It was previously agreed to budget $150,000 for the position for one year, according to City Administrative Officer Miguel Santana.
Galperin said the inspector general’s first task should be to write off debt the city is unlikely to collect and sell it off for as much as possible.
He said the inspector general should also be responsible for identifying ways to reduce the cost of collecting debt and making it easier for people to pay their bills.
“You make it hard to pay … too onerous, you’re not going to collect,” he said.
Galperin said the recommendations have a broad range of support, including Neighborhood Council Budget Advocates, the business community and some labor units.
“We need one point of accountability for collections. The numbers are staggering as far as where collections have failed,” said Greuel, who released an audit of citywide collections processes last July. “We don’t want to create another level of bureaucracy. That’s why I’ve suggested the position should have audit authority.”
Councilman Paul Koretz called the vote “one of the most critical that we take in terms of impacting our budget for many years to come.” But he cautioned that the CAO should be careful about who it hires.
“The fact is whoever we pick, it has to be someone who is willing to be gutsy and willing to make a few enemies in city hall. They’re going to have to call people on their lack of action,” Koretz said.
Councilman Dennis Zine cast the lone vote against creating the inspector general position to oversee billing and collections.
“Creating an inspector general position will create more government. Putting more layers on top of the inability to collect is not going to collect more. It’s just going to waste more money,” Zine said.
“The inspector general will not have the ability to do anything,” he added. “They’re going to be able to write reports. We don’t need any more reports or recommendations. We need to actually get things done to collect money that’s due the city.”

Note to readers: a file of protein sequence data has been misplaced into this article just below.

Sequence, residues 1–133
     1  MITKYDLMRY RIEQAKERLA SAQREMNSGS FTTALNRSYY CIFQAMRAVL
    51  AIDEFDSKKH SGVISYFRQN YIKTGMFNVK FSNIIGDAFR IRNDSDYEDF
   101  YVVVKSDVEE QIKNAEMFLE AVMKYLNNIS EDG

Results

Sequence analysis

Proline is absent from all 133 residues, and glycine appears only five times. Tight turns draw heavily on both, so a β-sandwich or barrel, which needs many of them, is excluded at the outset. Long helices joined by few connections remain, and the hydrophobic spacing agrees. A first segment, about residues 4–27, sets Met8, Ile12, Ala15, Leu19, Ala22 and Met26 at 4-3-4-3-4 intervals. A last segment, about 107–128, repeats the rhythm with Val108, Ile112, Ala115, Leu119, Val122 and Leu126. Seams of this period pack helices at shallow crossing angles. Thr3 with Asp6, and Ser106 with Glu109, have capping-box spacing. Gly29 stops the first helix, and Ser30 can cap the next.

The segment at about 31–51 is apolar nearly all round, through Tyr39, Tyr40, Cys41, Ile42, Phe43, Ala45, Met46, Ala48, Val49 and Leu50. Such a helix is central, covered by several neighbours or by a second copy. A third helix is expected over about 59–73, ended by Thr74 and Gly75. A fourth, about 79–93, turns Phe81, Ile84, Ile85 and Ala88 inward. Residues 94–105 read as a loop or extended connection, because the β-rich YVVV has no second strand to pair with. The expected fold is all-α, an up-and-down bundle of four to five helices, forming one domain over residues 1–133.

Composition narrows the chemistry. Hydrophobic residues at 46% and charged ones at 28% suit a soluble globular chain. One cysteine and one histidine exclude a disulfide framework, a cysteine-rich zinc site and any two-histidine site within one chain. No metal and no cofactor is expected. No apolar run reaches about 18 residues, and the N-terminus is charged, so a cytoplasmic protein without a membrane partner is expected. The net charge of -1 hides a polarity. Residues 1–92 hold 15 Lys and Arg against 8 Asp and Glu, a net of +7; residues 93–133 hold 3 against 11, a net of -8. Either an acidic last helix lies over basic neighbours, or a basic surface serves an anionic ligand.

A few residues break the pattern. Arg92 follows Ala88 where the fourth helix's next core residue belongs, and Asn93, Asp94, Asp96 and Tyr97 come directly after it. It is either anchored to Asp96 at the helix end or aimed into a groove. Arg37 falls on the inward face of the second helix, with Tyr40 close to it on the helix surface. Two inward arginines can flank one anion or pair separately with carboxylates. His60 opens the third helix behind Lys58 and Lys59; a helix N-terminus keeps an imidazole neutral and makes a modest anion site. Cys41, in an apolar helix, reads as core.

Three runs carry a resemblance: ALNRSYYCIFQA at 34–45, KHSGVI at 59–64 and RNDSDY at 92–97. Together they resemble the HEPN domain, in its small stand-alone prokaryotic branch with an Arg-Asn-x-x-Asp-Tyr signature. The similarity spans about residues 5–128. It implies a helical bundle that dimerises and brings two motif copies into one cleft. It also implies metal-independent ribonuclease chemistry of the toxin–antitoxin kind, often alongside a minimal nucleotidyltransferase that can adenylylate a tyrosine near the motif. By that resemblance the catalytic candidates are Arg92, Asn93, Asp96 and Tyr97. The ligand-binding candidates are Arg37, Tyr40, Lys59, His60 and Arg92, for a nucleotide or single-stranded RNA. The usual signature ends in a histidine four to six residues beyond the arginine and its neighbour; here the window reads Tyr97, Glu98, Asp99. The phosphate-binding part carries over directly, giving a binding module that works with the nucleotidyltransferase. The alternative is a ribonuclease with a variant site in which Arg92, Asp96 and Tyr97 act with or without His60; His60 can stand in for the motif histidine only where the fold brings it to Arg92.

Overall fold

Zine and Councilman Bernard Parks have expressed support for giving the Office of Finance more freedom to place liens on those who are late paying city bills and fees.
“I don’t care what bill it is. If you owe the city and you’re not paying it, put a lien on the property and see how quickly people start paying bills,” Zine said.
Councilwoman Jan Perry expressed concern that the position is not very well structured and that it will not be easy to determine if the inspector general is being successful.
“I am willing to give this a try, at least for this one-year period … but I’m not happy about the way that it is being launched,” Perry said, calling for an early status report on the inspector general’s work.
Garcetti said adding an inspector general is not about creating a new bureaucracy.
“Quite the opposite. We are looking at how do we cut through bureaucracy and streamline and make efficient our collections,” he said.
“Every single penny that we put back in is part of the road to recovery.”
In related action today, the council agreed to extend the Commission on Revenue Efficiency’s run until September. It had been set to shut down in July.
Galperin said that over the next few months, the commission plans to make recommendations about how to simplify the city’s business tax structure and also plans to ask each city department head to submit two ways to save more money and two ways to generate more revenue.
By Richie Duchon | City News Service